Ambivalent in Amsterdam

In Murder in Amsterdam, Ian Buruma equivocates when clarity would have enlightened readers.

Issue: Nov-Dec 2006

Ian Buruma, Murder in Amsterdam: The Death of Theo van Gogh and the Limits of Tolerance (New York: Penguin Press, 2006), 288 pp., $24.95.

There have been three major ideological-political movements in the 20th and early 21st centuries which most explicitly and purposefully exploited and harnessed the capacity for hatred to the pursuit of political objectives: Nazism, Communism and now radical Islam.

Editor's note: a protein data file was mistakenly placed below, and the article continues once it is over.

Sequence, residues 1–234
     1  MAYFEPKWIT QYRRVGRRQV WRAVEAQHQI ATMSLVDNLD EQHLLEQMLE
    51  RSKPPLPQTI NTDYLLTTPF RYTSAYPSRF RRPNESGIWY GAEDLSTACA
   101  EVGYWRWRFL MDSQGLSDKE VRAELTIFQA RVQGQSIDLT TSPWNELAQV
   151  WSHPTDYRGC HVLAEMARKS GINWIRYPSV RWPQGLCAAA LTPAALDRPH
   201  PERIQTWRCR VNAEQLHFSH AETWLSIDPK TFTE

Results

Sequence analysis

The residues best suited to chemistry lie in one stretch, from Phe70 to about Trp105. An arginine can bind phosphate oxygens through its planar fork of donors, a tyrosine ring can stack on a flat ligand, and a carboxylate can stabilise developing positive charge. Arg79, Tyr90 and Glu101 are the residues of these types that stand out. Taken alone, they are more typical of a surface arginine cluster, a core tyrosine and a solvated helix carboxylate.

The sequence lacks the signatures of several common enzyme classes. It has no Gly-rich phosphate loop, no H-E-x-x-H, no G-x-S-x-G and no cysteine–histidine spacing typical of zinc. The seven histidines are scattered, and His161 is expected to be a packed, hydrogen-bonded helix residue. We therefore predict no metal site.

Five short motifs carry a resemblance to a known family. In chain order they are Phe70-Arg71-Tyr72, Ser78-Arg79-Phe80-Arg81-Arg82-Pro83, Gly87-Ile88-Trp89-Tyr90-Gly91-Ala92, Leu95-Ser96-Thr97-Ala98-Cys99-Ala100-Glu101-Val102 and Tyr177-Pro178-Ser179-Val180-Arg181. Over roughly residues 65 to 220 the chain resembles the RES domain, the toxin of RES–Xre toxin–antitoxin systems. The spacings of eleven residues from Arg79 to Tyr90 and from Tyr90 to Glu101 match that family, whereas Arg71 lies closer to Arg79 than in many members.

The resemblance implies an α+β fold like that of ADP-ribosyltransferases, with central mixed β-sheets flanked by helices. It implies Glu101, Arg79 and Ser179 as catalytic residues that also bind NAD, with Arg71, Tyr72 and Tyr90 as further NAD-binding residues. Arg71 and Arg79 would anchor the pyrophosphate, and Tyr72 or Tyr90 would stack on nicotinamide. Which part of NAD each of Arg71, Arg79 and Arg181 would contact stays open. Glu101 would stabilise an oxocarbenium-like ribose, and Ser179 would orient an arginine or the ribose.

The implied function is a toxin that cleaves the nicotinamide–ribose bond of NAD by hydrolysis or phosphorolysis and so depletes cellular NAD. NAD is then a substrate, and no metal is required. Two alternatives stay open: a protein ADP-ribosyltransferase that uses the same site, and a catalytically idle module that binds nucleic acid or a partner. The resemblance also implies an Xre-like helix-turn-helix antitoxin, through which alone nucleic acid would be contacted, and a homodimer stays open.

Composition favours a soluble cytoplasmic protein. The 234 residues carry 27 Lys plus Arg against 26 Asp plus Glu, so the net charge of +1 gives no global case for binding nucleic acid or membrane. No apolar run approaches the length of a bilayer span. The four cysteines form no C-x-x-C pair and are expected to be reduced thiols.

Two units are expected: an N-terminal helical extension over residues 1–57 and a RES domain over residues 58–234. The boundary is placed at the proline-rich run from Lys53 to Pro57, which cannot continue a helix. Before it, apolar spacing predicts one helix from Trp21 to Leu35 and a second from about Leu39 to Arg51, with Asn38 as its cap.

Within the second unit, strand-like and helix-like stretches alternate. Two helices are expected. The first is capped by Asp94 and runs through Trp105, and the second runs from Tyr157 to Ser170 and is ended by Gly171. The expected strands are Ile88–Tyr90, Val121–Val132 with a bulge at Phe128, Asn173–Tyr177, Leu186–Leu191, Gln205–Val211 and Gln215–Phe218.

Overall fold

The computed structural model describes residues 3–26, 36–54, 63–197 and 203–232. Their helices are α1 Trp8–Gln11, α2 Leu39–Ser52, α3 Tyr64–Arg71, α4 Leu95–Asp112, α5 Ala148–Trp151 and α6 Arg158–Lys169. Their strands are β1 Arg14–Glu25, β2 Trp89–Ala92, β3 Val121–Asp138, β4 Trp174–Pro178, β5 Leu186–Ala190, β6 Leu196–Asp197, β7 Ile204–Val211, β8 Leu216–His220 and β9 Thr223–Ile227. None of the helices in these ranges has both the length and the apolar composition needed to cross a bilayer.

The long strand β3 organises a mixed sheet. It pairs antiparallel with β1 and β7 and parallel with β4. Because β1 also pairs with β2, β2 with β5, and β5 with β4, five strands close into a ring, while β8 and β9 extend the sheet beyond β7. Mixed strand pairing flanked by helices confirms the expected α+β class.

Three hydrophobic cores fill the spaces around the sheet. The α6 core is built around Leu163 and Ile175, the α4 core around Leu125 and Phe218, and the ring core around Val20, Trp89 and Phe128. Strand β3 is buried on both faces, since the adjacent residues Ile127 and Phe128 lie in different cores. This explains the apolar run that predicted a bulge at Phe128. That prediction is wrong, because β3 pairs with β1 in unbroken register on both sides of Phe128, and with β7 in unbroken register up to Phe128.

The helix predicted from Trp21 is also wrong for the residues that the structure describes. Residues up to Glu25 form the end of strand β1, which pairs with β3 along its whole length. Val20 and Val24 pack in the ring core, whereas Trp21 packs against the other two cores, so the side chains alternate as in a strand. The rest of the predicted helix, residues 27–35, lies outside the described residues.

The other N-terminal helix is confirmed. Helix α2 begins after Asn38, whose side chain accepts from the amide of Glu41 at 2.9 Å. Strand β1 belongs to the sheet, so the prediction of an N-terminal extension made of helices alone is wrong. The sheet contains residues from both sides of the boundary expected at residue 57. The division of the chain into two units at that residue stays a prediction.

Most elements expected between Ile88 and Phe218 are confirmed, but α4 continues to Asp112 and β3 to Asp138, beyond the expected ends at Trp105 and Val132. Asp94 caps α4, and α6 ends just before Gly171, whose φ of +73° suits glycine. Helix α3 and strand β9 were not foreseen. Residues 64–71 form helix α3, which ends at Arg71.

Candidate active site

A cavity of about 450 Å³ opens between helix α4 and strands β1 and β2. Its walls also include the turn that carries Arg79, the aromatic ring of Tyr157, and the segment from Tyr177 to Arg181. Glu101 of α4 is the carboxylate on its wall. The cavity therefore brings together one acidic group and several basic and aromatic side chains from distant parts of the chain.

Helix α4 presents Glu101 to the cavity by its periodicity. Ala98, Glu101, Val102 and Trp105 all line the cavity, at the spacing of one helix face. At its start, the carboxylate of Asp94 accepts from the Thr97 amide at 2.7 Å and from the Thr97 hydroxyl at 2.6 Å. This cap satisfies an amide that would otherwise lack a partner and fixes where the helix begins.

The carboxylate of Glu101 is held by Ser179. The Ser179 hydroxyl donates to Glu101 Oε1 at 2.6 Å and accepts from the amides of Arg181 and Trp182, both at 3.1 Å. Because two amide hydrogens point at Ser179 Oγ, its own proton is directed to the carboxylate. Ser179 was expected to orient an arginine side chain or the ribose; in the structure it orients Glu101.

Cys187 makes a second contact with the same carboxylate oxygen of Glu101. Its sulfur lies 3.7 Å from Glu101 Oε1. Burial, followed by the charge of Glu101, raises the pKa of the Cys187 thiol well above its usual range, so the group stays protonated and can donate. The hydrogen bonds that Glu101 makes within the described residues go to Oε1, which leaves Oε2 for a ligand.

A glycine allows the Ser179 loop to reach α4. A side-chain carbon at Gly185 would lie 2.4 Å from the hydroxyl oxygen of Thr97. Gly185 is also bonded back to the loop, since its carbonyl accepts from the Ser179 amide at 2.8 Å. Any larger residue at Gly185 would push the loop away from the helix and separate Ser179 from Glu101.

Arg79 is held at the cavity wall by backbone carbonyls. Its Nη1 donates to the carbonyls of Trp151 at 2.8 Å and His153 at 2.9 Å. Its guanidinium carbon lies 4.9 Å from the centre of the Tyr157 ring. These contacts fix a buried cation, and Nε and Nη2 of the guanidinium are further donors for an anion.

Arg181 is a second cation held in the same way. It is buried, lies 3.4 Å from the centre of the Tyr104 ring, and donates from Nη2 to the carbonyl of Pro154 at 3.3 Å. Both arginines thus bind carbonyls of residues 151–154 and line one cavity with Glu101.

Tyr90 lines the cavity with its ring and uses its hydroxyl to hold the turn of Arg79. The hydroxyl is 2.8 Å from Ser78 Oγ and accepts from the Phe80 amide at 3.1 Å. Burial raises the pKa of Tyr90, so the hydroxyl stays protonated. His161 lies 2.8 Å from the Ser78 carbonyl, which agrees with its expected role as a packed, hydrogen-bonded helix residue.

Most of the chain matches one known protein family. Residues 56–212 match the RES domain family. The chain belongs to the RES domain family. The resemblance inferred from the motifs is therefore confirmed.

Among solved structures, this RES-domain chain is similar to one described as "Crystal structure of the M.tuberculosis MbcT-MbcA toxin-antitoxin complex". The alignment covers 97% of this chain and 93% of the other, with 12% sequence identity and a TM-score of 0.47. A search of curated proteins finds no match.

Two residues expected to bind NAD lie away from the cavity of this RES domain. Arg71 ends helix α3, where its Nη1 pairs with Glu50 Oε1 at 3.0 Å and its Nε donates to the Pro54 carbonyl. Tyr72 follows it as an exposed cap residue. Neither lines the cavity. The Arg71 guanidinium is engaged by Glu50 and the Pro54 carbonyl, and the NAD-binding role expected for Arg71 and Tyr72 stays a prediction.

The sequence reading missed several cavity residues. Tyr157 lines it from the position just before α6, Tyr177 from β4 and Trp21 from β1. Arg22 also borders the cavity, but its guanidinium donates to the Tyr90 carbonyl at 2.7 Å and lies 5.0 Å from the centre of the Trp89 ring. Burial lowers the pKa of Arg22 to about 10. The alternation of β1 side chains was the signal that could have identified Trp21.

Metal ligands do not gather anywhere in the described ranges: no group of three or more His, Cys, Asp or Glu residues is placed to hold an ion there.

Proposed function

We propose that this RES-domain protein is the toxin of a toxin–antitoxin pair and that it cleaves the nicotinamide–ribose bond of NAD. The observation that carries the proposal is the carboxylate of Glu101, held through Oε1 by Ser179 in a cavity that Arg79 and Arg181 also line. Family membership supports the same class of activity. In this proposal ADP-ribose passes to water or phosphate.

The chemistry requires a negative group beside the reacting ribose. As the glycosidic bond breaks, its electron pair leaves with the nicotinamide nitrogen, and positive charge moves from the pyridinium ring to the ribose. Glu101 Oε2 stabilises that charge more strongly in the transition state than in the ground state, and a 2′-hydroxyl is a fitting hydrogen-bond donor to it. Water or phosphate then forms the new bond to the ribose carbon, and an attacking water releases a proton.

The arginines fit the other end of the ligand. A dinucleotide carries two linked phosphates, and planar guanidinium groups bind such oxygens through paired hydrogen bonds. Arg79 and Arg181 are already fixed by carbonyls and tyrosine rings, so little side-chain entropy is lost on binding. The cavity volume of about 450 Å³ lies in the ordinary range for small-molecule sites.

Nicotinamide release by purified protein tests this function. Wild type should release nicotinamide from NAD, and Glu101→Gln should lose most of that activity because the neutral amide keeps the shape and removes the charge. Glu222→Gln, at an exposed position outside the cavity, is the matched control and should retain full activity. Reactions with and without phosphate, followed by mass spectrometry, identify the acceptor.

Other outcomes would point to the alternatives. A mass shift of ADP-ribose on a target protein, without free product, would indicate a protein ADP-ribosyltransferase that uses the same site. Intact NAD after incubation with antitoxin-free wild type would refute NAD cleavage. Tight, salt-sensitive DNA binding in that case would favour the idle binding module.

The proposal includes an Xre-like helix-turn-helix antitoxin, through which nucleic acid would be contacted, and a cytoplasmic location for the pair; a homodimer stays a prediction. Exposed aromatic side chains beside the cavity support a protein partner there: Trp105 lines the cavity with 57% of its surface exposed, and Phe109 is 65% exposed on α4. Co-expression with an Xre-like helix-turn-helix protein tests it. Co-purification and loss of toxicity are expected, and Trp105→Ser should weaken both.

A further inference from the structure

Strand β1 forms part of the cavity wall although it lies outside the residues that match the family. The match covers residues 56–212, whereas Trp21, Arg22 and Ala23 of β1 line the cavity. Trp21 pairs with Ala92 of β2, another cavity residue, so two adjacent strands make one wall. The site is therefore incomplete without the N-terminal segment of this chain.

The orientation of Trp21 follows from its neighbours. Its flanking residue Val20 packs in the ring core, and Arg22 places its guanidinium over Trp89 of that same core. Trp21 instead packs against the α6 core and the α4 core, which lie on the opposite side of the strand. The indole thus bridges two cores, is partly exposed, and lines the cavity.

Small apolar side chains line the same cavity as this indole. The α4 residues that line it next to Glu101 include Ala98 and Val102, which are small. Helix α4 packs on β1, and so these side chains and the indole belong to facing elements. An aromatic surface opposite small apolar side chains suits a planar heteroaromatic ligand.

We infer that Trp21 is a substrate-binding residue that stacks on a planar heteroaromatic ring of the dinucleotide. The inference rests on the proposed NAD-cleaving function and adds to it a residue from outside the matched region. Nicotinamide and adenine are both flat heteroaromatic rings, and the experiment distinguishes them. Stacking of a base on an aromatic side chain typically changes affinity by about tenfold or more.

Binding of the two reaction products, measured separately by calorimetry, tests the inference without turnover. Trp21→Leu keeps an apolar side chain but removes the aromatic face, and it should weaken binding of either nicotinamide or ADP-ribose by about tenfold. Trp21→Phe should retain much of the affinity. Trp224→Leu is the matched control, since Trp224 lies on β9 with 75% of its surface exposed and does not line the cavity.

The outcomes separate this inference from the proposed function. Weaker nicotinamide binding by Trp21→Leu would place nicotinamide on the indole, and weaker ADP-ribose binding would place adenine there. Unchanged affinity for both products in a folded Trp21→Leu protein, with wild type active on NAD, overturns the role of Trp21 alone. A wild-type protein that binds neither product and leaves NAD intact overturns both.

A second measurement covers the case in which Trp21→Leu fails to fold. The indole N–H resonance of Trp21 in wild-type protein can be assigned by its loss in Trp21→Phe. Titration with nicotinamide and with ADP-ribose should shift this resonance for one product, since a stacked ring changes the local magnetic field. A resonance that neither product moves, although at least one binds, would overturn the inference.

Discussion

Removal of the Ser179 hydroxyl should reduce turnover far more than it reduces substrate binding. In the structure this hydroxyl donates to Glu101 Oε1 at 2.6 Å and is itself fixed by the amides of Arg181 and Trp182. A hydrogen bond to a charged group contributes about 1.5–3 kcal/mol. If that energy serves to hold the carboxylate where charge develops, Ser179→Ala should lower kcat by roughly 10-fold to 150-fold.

Supporters and leaders of all three movements believed that they could create blissful social systems if only they could eradicate the groups and individuals malevolently obstructing the accomplishment of the great goals. The thirst for destroying these enemies was dependably fueled by a consuming hatred. All three currents were arrayed against the West, that is to say, secular, liberal, democratic and pluralistic societies.

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